- YNAB: You Need a Budget, or YNAB, is another platform that lets you use a zero-based budgeting system. With zero-based budgeting, you give all of the money you earn a job (i.e., pay recurring bills, grocery fund, savings, debt elimination, etc.). Best of all, you can set up your bank accounts and credit cards to automatically sync with your YNAB account—providing you with an at-a-glance overview of your checking account balances and debt obligations in one convenient location. YNAB is free for 34 days then $14.99 per month or $98.99 annually.
Tip: You can track your credit cards rewards too, and try to maximize the points, miles or cash back you earn.
3. Set Up Account Alerts and Automatic Drafts
Many bank accounts (checking and savings) and credit cards have automatic alert features you can customize to keep you in the loop when activity happens on your account. For example, your bank might let you schedule email and text alerts in response to:
- A large transaction hitting your account (debit, ATM withdrawal, check, etc.).
- The receipt of a direct deposit.
- Your account balance falling below a certain amount.
- The creation of a new monthly statement.
Credit card companies may let you set up certain types of account alerts too, such as:
- Payment Reminders
- Payment Overdue Notices
- Transactions Over a Certain Amount
- Approaching Credit Limit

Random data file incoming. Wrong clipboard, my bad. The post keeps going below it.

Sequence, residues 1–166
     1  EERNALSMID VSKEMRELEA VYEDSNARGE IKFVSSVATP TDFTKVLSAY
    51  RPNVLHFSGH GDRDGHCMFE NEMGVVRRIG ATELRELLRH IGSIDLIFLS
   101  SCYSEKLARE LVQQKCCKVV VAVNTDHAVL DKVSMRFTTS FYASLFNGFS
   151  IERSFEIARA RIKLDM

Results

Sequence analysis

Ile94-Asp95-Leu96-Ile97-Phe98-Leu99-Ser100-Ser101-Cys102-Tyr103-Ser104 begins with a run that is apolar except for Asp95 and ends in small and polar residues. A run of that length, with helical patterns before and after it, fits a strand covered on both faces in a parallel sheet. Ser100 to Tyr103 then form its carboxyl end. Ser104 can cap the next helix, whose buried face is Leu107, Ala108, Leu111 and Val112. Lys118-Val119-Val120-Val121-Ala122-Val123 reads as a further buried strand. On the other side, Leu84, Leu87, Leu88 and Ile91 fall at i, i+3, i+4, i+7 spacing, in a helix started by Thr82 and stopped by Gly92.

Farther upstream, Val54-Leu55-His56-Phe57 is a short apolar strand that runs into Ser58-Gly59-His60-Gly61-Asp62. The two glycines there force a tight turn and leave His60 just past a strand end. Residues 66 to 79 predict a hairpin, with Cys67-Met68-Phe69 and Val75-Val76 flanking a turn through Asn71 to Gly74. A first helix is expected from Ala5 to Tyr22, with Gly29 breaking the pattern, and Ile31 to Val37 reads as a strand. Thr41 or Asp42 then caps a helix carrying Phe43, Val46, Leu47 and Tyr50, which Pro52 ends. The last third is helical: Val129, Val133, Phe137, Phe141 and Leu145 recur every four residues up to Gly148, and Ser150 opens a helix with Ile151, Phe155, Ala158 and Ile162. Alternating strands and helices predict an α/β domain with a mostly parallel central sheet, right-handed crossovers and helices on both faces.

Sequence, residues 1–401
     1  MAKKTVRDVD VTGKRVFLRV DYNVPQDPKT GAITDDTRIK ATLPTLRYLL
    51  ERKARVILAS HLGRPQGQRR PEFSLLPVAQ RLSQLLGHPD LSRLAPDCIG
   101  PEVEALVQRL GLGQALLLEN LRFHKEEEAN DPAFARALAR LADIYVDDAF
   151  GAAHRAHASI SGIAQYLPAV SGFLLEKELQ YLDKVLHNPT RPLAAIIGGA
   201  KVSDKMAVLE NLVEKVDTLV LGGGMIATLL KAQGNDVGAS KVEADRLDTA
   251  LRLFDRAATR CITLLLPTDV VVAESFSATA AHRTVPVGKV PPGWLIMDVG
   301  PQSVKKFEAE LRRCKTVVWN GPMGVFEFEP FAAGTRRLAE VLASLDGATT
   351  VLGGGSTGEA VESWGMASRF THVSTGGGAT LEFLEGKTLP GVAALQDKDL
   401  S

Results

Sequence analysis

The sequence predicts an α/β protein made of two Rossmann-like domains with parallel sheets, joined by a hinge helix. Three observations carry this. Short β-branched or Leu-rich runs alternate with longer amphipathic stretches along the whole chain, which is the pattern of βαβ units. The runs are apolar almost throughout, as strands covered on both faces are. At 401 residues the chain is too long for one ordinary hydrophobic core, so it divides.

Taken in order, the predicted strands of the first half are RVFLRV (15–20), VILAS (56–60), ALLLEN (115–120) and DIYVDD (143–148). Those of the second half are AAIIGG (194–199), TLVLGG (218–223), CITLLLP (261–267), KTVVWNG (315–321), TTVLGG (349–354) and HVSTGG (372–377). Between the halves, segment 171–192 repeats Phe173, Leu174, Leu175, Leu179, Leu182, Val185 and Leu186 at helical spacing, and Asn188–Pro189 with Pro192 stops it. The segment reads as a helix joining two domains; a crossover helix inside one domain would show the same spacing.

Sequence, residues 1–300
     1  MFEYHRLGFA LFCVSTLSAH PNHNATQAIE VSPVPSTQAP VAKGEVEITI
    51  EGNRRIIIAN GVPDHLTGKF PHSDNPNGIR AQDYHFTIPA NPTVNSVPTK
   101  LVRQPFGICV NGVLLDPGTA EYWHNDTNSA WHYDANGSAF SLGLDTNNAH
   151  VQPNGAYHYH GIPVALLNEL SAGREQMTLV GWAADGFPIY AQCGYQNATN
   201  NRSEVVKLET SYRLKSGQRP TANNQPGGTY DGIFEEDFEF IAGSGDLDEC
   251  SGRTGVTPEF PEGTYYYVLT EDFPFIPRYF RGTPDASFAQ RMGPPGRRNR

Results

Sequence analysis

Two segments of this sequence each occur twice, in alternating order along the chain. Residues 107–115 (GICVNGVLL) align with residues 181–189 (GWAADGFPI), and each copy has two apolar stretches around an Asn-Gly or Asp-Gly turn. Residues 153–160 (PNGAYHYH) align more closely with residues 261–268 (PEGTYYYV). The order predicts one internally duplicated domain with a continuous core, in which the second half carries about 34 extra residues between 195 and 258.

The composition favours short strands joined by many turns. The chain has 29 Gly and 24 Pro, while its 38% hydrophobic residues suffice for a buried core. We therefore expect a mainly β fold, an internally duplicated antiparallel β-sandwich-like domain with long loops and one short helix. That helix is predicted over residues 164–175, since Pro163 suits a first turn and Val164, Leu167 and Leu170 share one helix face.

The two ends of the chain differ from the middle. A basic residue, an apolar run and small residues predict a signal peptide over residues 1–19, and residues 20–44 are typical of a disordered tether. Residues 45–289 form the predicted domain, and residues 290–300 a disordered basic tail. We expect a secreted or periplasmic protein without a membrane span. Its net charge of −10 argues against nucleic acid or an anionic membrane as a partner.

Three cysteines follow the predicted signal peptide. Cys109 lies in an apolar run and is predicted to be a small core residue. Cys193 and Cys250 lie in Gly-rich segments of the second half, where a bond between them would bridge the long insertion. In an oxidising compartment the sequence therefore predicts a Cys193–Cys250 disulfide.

- Unusual Account Activity
Automatic payments can also provide a good failsafe on credit card accounts. For example, I schedule automatic drafts for the minimum payment on a dozen credit cards. This lets me know that if I ever accidentally forget a due date, at least my account wouldn't incur a late fee and my credit history would be protected as well.
Of course, it's best to pay your credit card bill in full each month. Paying the full statement balance due helps you avoid interest fees. Your credit score could improve as well when you keep your credit utilization rate low.
Another useful way to use automatic drafts has to do with your savings goals. For example, you might open a high-yield savings account to save toward a downpayment on a home, an emergency fund, a vacation or something else. If you know how much money you plan to put toward your savings goal each month, you could schedule automatic transfers from your checking account to your savings.
Slick Tip: Consider opening a high-yield savings account with a separate bank to remove the temptation to spend.
Having multiple credit cards and bank accounts could offer some unique benefits. From cash bonuses to credit card rewards you can redeem for free travel, there are several reasons you might want to consider a new bank account or credit card from time to time. Just be sure to put a good financial management strategy in place to avoid potential headaches.